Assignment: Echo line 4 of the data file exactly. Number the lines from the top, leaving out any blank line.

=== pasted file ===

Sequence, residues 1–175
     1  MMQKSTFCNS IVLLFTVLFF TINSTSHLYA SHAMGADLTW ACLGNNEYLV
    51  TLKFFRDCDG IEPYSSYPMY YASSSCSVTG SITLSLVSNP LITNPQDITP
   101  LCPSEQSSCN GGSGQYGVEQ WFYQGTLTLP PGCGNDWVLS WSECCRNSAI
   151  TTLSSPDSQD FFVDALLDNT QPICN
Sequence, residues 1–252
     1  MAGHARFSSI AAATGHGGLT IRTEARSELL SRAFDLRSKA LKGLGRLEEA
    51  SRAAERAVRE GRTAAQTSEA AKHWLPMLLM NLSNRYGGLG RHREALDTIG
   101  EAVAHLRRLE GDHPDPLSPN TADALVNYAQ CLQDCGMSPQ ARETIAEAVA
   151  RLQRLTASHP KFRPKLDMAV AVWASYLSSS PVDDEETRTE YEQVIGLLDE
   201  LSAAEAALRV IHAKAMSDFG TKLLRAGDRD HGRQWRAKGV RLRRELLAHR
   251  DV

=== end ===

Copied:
   101  LCPSEQSSCN GGSGQYGVEQ WFYQGTLTLP PGCGNDWVLS WSECCRNSAI